By Chris Hart, Manager of Engineering & Analytics

This is the final part in a three-part series on Demand Charges. In the first installment, we covered the basics of “demand” and “demand charge” concepts in an electric rate structure. In the next section, we addressed how solar a generation system can be used to reduce the demand charge portion of your electric bill, as well as some of the inherent challenges with that strategy. In this installment, we’ll look at other ways that you can reduce your demand charges.

The most basic way to reduce your demand charges (as well as energy charges, for that matter) is by using less energy! Energy efficiency should be one of the first strategies for any building or property owner who is looking to save on their utility bills. Energy efficiency upgrades can be as simple as changing out inefficient light bulbs for newer models, or as in-depth as a full building retrofit. Perhaps the most dramatic example of this is the recent renovation of the Empire State Building, which is predicted to reduce annual energy use by 38% and save over $4M per year:

  http://esbnyc.com/documents/sustainability/ESBPlacematFINAL2.pdf.

Some typical energy efficiency upgrades are  better insulation, updated windows, more efficient Heating, Ventilation, and Air Conditioning (HVAC) systems, better control of HVAC to reflect more granular usage patterns, and plug load reduction.

Another strategy for reducing demand charges is to work with your utility to find a more advantageous rate structure. Time-of-use rate structures tend to charge more for energy and less for power (demand), which can be advantageous if you have installed solar. A building’s specific rate structure is often determined based on its energy usage and power demand, so switching rates is not as simple as picking an alternative – a thorough analysis of your particular usage pattern and available rate structure is required. However, since more utilities are offering rates with time-of-use rates and lower demand charges (both advantageous for solar), it is worth asking your utility representative. If changing rate structures is not allowed by the utility, another strategy is to shift load to off-peak hours. Load-shifting entails moving energy-intensive activities to off-peak hours. While not actually a form of energy efficiency, by using energy during off-peak hours, demand charges (and energy charges, if off-peak energy rates are cheaper) can be significantly reduced.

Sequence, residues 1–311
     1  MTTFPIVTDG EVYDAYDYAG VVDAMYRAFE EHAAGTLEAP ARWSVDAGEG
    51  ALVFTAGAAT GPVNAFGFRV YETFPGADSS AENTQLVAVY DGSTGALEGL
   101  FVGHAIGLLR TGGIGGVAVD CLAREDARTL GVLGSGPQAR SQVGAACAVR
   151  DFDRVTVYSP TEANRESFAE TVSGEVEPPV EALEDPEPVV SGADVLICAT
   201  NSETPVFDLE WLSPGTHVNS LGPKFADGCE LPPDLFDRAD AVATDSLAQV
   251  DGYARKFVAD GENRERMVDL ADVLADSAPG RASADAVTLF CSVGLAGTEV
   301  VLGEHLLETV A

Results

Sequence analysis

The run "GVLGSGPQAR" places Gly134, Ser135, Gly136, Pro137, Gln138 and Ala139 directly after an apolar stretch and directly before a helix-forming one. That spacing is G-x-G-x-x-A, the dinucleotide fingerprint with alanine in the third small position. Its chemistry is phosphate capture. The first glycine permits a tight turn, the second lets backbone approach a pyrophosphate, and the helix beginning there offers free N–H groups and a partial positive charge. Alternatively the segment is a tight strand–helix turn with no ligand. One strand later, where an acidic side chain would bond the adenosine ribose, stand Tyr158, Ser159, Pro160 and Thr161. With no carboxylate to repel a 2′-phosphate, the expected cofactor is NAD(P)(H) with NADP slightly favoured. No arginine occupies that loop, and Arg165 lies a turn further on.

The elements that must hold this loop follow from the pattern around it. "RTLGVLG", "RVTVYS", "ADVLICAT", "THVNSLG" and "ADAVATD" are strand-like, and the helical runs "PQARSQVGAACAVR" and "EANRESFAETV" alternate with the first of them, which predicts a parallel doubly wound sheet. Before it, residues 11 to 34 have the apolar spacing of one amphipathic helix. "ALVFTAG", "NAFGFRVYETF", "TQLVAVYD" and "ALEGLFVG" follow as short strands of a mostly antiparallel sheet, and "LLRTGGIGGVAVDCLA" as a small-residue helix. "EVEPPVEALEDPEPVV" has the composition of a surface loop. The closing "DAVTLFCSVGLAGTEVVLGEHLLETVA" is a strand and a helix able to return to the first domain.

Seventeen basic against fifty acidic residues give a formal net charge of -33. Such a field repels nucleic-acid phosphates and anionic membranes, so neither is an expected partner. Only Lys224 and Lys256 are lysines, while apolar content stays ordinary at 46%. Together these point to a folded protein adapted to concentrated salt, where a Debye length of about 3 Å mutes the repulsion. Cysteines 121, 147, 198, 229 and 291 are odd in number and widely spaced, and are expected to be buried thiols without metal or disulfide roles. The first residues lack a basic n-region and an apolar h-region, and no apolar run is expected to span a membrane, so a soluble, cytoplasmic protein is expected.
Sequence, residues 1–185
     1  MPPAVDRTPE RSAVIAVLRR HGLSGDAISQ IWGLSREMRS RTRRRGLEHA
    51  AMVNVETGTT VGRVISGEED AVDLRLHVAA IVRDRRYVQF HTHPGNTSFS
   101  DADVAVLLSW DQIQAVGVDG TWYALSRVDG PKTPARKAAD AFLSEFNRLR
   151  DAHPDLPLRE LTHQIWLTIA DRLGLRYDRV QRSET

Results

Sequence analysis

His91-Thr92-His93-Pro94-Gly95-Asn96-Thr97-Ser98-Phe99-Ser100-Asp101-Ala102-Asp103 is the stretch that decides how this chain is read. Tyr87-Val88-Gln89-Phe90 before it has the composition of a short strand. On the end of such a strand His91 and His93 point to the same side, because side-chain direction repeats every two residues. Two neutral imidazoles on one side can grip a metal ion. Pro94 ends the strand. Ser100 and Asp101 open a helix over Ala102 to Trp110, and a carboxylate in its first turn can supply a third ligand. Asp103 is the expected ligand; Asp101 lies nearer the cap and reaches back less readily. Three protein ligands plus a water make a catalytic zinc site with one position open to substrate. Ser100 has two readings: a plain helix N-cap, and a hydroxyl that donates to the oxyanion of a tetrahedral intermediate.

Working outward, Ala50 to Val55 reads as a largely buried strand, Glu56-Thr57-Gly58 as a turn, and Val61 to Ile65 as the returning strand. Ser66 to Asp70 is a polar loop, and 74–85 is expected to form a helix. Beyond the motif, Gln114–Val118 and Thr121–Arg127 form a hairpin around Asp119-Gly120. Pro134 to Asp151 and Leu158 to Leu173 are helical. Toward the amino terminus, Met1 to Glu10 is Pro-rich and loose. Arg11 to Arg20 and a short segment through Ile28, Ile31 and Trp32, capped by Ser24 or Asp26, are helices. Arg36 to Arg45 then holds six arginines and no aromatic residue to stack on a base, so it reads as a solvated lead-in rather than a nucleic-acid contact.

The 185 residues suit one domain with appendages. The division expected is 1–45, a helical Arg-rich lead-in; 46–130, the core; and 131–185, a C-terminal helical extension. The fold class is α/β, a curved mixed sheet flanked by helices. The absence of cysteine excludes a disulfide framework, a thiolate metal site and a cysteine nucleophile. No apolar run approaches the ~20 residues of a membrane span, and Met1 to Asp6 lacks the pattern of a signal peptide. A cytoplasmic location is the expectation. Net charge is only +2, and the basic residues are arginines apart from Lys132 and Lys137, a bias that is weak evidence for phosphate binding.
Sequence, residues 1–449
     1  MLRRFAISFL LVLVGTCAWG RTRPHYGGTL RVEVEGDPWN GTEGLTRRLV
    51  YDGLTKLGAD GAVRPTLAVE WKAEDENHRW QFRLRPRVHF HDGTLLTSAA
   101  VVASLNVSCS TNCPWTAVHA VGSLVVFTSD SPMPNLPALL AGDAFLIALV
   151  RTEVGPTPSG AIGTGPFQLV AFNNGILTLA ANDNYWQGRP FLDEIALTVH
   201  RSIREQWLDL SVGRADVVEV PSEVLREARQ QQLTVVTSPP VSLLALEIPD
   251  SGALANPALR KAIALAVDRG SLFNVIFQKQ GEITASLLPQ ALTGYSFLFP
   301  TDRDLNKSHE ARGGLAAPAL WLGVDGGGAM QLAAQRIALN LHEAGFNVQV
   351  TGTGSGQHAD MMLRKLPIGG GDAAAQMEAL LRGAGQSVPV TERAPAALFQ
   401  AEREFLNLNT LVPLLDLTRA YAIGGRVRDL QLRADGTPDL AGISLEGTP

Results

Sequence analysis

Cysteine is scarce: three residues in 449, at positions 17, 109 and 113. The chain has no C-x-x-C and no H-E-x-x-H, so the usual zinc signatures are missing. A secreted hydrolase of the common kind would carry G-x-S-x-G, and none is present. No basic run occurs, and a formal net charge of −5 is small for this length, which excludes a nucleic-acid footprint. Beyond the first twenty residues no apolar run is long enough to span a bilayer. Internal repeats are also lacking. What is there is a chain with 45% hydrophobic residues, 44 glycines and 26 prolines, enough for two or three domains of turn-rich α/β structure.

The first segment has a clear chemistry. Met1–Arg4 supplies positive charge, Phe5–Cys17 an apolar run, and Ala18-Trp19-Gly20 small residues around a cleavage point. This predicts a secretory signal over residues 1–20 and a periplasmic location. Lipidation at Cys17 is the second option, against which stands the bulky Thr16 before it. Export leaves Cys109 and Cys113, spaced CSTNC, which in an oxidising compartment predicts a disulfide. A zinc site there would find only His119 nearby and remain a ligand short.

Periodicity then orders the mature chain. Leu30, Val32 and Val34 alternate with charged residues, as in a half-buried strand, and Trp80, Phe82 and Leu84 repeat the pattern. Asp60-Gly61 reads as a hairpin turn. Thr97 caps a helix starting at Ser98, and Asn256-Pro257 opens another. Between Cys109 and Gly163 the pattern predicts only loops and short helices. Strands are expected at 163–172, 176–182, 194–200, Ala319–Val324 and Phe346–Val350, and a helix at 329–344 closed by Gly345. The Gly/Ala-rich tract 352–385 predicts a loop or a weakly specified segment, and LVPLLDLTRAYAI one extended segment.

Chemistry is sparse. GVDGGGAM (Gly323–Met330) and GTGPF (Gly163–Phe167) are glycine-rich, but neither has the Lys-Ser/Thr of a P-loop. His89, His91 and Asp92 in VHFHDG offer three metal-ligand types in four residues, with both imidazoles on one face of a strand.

Of all the potential strategies, the reduction of demand charge through on-site battery storage is perhaps the most relevant to this blog series. Batteries can be used either with or without solar to reduce demand. However, there can be synergistic benefits to installing battery storage in conjunction with solar. If installed and then charged using (only) the solar energy, the batteries are eligible for the 30% federal investment tax credit – a significant boon to project economics. However, if the batteries are charged using grid energy, some (or all) of the 30% tax credit received for the batteries can be forfeited.

Batteries can reduce demand in essentially two different ways. First, they can help smooth out brief drops in solar energy production (if, say, a cloud briefly passed overhead). This can be seen in the figure below at around 8am. The more important way batteries are used is during times of peak demand to reduce peak charges. In the case seen below, the battery is being used to shift the demand from peak hours to partial peak hours, when demand charges are significantly less.

The figure below is a perfect example of shifting demand away from peak times. The red line shows what the building demand would be if only a solar system is installed. The highest demand during peak hours occurs at 6pm and is ~85kW. The blue line shows the building’s demand from the grid with solar AND a small battery backup system. At around 5:30pm, the battery discharges and the building demand holds steady at ~65kW until just after 6pm. This 20kW savings in demand during peak hours would be worth $16.78/kW on PG&E’s E-19S electricity rate, representing a $335.60 savings. Note that the blue line actually goes above the red line after 6pm. That’s because, for about an hour after 6pm, the solar system’s electricity is no longer being used to offset building usage, but is being used to recharge the battery system. In theory, this could result in a “penalty”, by increasing the part peak demand charge. Fortunately, there is no penalty for this particular day, because the time of part-peak maximum occurs closer to 9pm, long after the “just solar” and the “solar and battery” scenarios have converged.

DC3 Graph

Hopefully over the course of this series, you have learned some basics about demand charge and how it fits into the world of solar. If you have questions about your demand charges, electric bills, or any facet of how solar can affect your business, please contact info@alta-energy.com.

 

 

 

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